Valeant Pharmaceuticals (VRX) shares plunged 48% Tuesday, as the beleaguered drugmaker reported earnings that fell significantly short of Wall Street’s expectations and analysts questioned whether the company should break itself up. Some wondered if a major error in its press release had been made intentionally. There were also some fears that Valeant could default on some of its debt.
What’s truly amazing is that the bad news at Valeant, which has been struggling with an accounting scandal and criticism that it makes its money through predatory price hikes, has taken Wall Street by surprise. Coming into Tuesday nearly half of all Wall Street analysts who rate the stock had it at a buy. And Valeant remains a top holding at a number of hedge funds, including most notably Bill Ackman’s Pershing Square.
While Valeant had hoped to repair investor confidence during a conference call discussing its fourth-quarter 2015 results, it did just the opposite, with CEO Michael Pearson, just back from medical leave two weeks ago, describing the business’s performance as “a mixed combination of good news and bad news.”
The company reported non-GAAP adjusted earnings-per-share of $2.50, well under analysts’ consensus estimates of $2.62. Its revenue for the quarter was $2.8 billion, though Valeant would not compare those results to the previous year, as it is in the process of restating its 2014 sales. Shareholders were especially disappointed by Valeant’s bleak outlook for 2016, with the company now expecting to earn $3 to $4 less per share than it originally forecasted late last year, guidance that it revoked a couple of weeks ago. Valeant also revised its sales estimate for the year to $1.5 billion less than it had predicted previously.
While investors were still digesting the guidance—which was lowered in large part because of a tax accounting change that the company said had been recommended by the Securities and Exchange Commission—an analyst also pointed out that Valeant had made a major error in its press release, forecasting profits for the following four quarters of up to $6.6 billion, when it said in its presentation that it actually expects only $6 billion through the first quarter of 2017. Valeant promised to correct the $600 million typo, but one analyst mused aloud on the conference call that, “it definitely looks like it was switched intentionally.”
Besides the tax accounting change, Valeant blamed its distribution deal with Walgreens (WBA) for its lackluster results, saying there had been an unexpected “negative reaction” from insurance payers, who initially did not want to cover the cost of Valeant’s drugs sold at the pharmacy chain. “I think Walgreens did not do a very good job explaining [the specifics of the deal],” Pearson said of his drugstore partner, adding that payers reacted negatively because they were surprised to learn that the arrangement between the companies was not what they expected.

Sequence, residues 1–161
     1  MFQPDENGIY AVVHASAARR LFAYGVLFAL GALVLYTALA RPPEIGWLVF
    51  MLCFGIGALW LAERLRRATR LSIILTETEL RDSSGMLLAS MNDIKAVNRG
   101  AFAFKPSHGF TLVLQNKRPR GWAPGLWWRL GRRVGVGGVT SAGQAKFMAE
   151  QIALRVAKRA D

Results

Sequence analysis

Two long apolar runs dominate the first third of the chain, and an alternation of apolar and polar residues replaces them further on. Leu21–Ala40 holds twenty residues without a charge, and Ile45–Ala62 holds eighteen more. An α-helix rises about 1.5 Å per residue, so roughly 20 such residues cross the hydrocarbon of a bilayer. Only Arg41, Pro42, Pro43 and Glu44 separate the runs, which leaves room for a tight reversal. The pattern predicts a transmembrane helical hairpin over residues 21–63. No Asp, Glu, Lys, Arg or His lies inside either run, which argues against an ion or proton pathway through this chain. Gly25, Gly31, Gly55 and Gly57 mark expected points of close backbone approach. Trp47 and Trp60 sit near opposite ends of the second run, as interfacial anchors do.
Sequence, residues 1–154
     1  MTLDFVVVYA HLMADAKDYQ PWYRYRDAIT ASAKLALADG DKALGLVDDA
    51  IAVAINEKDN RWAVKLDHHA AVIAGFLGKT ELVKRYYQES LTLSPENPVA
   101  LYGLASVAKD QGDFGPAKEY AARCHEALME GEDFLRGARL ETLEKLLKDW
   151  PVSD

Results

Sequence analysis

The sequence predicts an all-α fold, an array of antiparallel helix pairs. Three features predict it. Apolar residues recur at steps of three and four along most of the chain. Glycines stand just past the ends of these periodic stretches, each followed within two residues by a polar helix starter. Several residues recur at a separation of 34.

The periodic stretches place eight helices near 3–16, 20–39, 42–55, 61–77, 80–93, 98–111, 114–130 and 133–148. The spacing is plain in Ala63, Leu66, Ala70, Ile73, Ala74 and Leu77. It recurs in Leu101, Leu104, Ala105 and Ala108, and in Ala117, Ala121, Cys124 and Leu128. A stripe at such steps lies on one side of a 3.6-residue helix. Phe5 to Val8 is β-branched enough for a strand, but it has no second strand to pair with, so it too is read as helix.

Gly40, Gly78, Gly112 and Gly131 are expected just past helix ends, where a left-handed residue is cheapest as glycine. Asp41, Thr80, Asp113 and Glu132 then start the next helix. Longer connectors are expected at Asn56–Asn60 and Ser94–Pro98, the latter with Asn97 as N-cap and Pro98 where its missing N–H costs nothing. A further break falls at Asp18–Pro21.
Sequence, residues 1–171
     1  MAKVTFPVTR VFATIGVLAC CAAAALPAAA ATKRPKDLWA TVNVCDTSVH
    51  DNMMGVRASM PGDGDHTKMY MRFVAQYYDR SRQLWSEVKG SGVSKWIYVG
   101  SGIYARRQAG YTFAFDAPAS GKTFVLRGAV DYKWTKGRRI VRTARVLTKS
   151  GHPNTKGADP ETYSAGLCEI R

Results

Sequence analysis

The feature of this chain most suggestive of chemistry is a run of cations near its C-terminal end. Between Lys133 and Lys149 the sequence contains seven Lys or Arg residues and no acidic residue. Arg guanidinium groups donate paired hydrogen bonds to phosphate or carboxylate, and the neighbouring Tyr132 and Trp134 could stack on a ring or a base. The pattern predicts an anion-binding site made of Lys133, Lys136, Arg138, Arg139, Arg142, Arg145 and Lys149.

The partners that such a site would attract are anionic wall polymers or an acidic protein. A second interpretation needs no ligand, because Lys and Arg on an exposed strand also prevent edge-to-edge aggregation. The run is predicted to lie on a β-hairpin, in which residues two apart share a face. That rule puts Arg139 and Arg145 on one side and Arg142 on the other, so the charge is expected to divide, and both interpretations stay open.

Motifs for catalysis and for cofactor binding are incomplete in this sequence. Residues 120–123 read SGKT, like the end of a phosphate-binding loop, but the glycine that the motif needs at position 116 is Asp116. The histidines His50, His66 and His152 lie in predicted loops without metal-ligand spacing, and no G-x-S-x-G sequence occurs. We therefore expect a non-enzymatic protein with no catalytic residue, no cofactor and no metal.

In the meantime, Valeant faces another problem: defaulting on its creditors. The company said it would be in breach of its bond agreements as soon as tomorrow if it fails to file its annual report today—a deadline Valeant already plans to miss, as it has delayed filing its 2015 annual report pending an accounting review that will require it to restate financial results from the last two years. That breach triggers a “cross default,” meaning it would be delinquent on a second credit agreement as well. The company said it plans to amend the agreements to waive the cross default clauses, but wasn’t sure when it would be ready to file the annual report; Pearson said his “best estimate” for submitting it is “sometime in April, but I can’t commit to that.”
Technical default aside, Valeant’s credit situation also was a concern with analysts on Tuesday, as it has been in the past. The company reinforced that it was not looking to make any more acquisitions until it pays down much of its debt and reduces its leverage by nearly a third. In order to do that, it said it was already in talks to sell off some of its non-core assets, though Pearson declined to specify which businesses he was referring to. “You should expect that there will be a series of non-core divestitures over the course of the year,” he said during the call. When an analyst asked whether Valeant would consider breaking itself up entirely if the stock price still did not recover, Pearson responded that he believed the market would come around once the company demonstrates it can grow successfully under its new strategy.
Valeant said little else about the accounting review or the SEC investigation of the company, though Pearson said the decision to change its own tax accounting going forward was unrelated to either. As analysts needled him with queries about his fitness to run the company, and press reports that the board had considered firing him but kept him on because of a $200 million severance package it would have to pay him, Pearson said he was only entitled to a “pretty modest” payment of vested stock compensation if he got fired. “Maybe I should wish I could get $200 million if I leave, but unfortunately I don’t think that’s the case—or fortunately form an investor’s standpoint, it’s not the case,” he said.
Repeating comments he has made in the past, Pearson said it was up to the board to determine whether he was “the appropriate person to lead this company.” But he noted that as of last week, two different activist investors now control seats on Valeant’s board, including a new member from Bill Ackman’s hedge fund Pershing Square. “I do think our board’s a lot closer to the investors than many boards,” Pearson said.
At least so far that doesn’t appear to have been a good thing. Tuesday showed, once again, that investors have given Pearson and his board too much of the benefit of the doubt. The question is just how much longer they will continue to do so.